One day conference at the Royal Veterinary College (RVC) will discuss why brachycephalic dogs are more prone to serious breathing disorders.
The Royal Veterinary College (RVC) will host an invite-only conference on November 11 in a bid to increase understanding of disorders suffered by brachycephalic (short-muzzled) dogs.
Researchers from the college will be revealing, for the first time, their evidence that increasingly short muzzles and large eyes heighten the risks of two serious disorders: brachycephalic obstructive airway syndrome (BOAS) a common debilitating respiratory disorder, and corneal ulceration, which may lead to blindness.
Brachycephalic dogs are internationally popular; the bulldog is the sixth most registered dog in the US and the pug is the ninth in the UK. Breed standards for these dogs previously encouraged exaggerating short noses and large eyes; however the RVC’s research has found:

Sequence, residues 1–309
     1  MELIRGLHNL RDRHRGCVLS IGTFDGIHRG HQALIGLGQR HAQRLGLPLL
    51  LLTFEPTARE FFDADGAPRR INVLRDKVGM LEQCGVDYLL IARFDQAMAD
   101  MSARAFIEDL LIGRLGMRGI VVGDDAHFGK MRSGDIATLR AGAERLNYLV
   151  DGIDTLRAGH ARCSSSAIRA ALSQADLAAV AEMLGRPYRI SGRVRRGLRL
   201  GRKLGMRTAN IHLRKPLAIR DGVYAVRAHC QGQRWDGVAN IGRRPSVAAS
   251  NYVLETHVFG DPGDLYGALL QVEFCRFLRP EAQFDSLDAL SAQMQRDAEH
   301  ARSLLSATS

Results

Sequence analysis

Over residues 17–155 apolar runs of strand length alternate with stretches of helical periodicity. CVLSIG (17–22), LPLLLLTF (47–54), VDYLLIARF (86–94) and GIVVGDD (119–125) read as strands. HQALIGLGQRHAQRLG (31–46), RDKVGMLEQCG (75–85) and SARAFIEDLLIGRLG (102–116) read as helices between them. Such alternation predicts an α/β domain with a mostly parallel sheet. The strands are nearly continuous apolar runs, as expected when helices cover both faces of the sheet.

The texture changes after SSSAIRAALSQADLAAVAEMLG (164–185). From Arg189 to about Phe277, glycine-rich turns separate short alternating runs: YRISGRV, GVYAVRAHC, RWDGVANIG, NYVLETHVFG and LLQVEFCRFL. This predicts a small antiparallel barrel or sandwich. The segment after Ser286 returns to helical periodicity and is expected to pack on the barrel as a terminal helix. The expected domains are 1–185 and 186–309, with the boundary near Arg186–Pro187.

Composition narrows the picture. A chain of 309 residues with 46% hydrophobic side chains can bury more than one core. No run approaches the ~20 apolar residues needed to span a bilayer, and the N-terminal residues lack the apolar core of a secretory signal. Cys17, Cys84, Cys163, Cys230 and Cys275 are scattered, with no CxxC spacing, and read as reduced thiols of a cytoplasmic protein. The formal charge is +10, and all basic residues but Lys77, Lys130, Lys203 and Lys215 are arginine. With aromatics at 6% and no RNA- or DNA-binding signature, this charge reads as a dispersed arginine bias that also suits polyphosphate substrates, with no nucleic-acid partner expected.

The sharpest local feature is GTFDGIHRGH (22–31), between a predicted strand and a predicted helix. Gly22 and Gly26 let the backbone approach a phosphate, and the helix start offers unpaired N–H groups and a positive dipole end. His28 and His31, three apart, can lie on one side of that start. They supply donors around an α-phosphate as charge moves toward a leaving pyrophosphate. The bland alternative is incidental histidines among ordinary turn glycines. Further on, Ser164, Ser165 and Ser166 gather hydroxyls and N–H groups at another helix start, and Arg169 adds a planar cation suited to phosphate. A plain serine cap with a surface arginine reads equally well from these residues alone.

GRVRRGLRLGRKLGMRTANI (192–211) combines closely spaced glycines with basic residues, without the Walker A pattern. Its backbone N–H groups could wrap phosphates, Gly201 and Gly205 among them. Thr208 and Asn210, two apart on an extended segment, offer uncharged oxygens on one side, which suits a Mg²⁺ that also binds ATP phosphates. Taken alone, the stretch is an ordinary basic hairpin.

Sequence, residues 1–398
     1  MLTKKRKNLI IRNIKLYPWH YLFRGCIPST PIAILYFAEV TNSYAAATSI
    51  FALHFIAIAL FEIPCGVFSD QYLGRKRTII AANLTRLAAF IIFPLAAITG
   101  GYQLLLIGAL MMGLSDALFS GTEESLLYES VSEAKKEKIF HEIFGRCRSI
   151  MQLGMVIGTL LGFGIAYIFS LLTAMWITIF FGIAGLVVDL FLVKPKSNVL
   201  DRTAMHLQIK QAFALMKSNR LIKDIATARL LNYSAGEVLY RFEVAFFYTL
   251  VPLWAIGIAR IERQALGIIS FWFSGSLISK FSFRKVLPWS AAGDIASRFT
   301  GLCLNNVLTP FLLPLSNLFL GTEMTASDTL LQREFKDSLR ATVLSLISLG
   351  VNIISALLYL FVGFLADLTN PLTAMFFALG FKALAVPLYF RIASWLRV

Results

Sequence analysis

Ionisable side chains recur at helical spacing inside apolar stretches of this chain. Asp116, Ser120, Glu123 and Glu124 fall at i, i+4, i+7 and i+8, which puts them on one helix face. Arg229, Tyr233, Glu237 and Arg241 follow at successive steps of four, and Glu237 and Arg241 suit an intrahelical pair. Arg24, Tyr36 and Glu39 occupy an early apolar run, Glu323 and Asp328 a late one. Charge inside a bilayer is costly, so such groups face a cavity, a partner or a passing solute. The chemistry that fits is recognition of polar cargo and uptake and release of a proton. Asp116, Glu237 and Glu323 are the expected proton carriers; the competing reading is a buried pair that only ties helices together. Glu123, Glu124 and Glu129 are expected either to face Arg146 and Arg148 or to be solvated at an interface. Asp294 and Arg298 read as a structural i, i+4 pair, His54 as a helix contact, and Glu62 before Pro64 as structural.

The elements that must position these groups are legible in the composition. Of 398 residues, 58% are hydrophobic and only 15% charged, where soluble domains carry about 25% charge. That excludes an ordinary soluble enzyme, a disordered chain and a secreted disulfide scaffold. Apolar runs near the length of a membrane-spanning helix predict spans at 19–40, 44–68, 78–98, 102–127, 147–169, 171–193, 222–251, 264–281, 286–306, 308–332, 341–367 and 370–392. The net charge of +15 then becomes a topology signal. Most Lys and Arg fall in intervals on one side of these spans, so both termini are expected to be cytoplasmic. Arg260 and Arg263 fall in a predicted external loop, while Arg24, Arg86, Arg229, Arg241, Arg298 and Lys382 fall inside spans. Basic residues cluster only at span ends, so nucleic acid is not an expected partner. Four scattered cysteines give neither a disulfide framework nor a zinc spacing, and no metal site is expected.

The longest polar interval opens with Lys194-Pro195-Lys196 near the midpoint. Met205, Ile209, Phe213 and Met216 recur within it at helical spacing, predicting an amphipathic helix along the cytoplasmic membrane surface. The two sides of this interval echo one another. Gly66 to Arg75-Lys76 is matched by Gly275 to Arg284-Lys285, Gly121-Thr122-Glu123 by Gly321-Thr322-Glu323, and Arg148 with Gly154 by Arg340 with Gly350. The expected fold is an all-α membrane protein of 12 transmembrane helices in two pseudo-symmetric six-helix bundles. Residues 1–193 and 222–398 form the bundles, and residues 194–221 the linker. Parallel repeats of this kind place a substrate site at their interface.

- shorter muzzles, thicker necks and being overweight heighten the risk of BOAS
- larger eyelid openings, nasal folds, short muzzles and exposed eye whites heighten the risk of corneal ulcers
Researchers have also found clinical signs of BOAS, such as respiratory noise and breathing difficulties, are not perceived as a problem by brachycephalic dog owners, instead being considered “normal for the breed“.
These findings tie in with previous reports indicating this perception as normal for the breed is common to many veterinarians and breeders.
Rowena Packer, a PhD student in Animal Welfare at the RVC and speaker and organiser of the conference, said: “We hope this research and event will benefit brachycephalic dogs’ welfare, through potential avenues such as quantitative limits being introduced into breed standards, breed judges penalising unhealthy conformations in the show ring, breeders actively selecting for healthier dogs.
“We also need to raise awareness among veterinarians providing advice to brachycephalic dog owners and breeders so they can recognise their dogs’ respiratory and eye problems require veterinary attention.”
The RVC small animal referral hospital was integral to much of this research, with 700 clinical cases recruited from various clinical services for the studies.